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Swift You and I

Detecting When an Animation Has Ended

diegolavalle profile image Diego Lavalle Originally published at swiftui.diegolavalle.com ・3 min read

Whenever a SwiftUI animation is triggered, its state is updated immediately regardless of the duration. The Animation struct does not provide us with any sort of callback to indicate whether it has completed. So how can we detect when our views have stopped animating?

Moonshot

Suppose we want to animate the image of a little plane flying towards the moon. We start by declaring a view for the plane, the moon background and a state variable indicating the current distance from the ground. We lay all of this out on our main view's body.

struct PlaneMoonScene: View {

  @State var distance: CGFloat = 0

  var plane: some View {
    Image(systemName: "paperplane")
    
  }

  var moonBackground: some View {
    Image(systemName: "moon.stars")
    
  }

  var body: some View {
    ZStack(alignment: .bottomLeading) {
      moonBackground
      plane.offset(x: distance, y: -distance)
    }
  }
}

To kick off our flight we need to define a launch button. The button's action will animate the distance from 0 to 200 by applying the easeInOut() timing function for a total duration of 1 second.

struct PlaneMoonScene: View {
  
  var launchButton: some View {
    Button("Launch!") {
      withAnimation(.easeInOut(duration: 1)) {
        self.distance = 200
      }
    }
  }

  var body: some View {
    ZStack {
      
      launchButton
    }
  }
}

As expected pressing Launch! causes our little plane to shoot up and reach the moon. But what if we want to display a congratulatory message once our destination has been attained? For this we need to replace the offset() modifier that places the plane over the background with our own FlyModifier.

struct FlyModifier: AnimatableModifier {

  var totalDistance: CGFloat
  var percentage: CGFloat
  var onReachedDestination: () -> () = {}

  private var distance: CGFloat { percentage * totalDistance }

  

  func body(content: Content) -> some View {
    content
    .offset(x: distance, y: -distance)
  }
}

Our FlyModifier also positions the plane at a specified distance but because it inherits from AnimatableModifier it has the ability to look at the animation parameters as they transition from initial value to target. Our modifier is applied similarly to offset() except this time around we do get a chance to provide a completion handler.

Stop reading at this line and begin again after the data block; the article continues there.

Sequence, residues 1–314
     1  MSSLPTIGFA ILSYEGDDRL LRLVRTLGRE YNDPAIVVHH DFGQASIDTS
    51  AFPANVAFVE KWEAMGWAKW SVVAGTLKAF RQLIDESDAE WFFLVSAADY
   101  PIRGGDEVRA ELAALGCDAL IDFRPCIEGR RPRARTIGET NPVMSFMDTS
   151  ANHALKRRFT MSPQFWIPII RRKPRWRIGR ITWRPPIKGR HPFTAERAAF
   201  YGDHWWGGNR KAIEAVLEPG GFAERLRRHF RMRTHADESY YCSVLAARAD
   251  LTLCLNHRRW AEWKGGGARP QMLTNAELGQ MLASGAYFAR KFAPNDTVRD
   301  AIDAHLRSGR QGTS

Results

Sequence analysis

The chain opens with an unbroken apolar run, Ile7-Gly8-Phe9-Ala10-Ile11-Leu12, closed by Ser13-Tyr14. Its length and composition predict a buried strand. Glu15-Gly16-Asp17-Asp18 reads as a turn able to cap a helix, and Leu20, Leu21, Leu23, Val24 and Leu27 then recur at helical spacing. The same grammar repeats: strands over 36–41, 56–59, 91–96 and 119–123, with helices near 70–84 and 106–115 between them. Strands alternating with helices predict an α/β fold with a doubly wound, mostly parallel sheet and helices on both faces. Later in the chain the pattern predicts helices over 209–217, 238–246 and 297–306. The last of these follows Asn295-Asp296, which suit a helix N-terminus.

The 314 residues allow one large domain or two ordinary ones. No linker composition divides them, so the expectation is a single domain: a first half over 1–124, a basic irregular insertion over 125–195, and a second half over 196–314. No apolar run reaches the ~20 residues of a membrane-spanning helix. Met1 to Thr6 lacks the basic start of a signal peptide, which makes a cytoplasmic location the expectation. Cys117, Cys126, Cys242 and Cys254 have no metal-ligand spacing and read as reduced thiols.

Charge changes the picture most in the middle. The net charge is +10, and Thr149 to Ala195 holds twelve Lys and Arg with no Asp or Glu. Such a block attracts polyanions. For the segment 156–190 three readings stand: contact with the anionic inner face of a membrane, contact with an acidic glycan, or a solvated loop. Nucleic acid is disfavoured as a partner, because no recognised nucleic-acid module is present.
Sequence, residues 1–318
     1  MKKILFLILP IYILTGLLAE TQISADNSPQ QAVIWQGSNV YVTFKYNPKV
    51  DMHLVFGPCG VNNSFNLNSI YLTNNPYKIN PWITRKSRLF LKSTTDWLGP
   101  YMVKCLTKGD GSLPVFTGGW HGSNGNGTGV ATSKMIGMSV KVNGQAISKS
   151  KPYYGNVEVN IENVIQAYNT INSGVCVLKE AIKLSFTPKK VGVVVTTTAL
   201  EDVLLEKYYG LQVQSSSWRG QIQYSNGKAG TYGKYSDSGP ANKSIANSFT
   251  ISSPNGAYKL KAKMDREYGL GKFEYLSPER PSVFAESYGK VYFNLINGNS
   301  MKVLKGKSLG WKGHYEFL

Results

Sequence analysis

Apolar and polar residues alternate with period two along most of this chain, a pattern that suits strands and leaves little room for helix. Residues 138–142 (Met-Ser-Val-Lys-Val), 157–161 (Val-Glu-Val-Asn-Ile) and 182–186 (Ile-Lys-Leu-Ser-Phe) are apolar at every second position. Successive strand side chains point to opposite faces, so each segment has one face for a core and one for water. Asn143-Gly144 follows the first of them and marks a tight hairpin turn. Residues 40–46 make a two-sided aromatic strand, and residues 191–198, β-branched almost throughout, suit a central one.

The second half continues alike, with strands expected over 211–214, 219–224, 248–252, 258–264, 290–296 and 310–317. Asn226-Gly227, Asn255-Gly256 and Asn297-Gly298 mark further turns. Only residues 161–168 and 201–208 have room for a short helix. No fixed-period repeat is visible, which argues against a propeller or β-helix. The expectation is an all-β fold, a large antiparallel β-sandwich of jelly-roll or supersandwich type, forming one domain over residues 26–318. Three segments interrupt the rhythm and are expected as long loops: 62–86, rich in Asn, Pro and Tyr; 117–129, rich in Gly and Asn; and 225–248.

struct PlaneMoonScene: View {

  @State var percentage: CGFloat = 0
  

  var body: some View {
    
    plane.modifier(
      FlyModifier(totalDistance: 200, percentage: percentage) {
        // We have reached the moon!
      }
    )
  }
}

So how do we actually detect within FlyModifier that the total distance has been covered - or that the percentage value is 1, as in 100 percent of the distance? Well we need to implement the variable animatableData to comply with AnimatableModifier and in the setter of that variable we check for completion. If the animation has finished we asynchronously invoke the handler given to us by the main view.

struct FlyModifier: AnimatableModifier {
  

  var animatableData: CGFloat {
    get { percentage }
    set {
      percentage = newValue
      checkIfFinished()
    }
  }

  func checkIfFinished() -> () {
    if percentage == 1 {
      DispatchQueue.main.async {
        self.onReachedDestination()
      }
    }
  }

  
}

Finally we can celebrate reaching the moon!

struct PlaneMoonScene: View {

  @State var reachedMoon = false
  

  var congrats: some View {
    Text("Congrats!!")
    
  }

  var launchButton: some View {
    Button("Launch!") {
      withAnimation(.easeInOut(duration: 1)) {
        self.percentage = 1
      }
    }
  }

  var body: some View {
    ZStack {
      moonBackground
      plane.modifier(
        FlyModifier(totalDistance: 200, percentage: percentage) {
          withAnimation { self.reachedMoon.toggle() }
        }
      }
      launchButton
      if reachedMoon {
        congrats
      }
    }
  }
}

For sample code featuring this and other techniques please checkout our working examples repo. Featured Example: Moonshot.


Originally published at Swift You and I

Posted on by:

diegolavalle profile

Diego Lavalle

@diegolavalle

Mad computer scientist. Builder of apps. Apple Frameworks, Web Standards, Swift, Swift UI, Advanced Javascript, React, React Native, Node.

Swift You and I

Swift You and I is a publication centered around SwiftUI, Combine and related Apple frameworks. Official app (https://swiftui.diegolavalle.com/app) with interactive examples available on the App Store.

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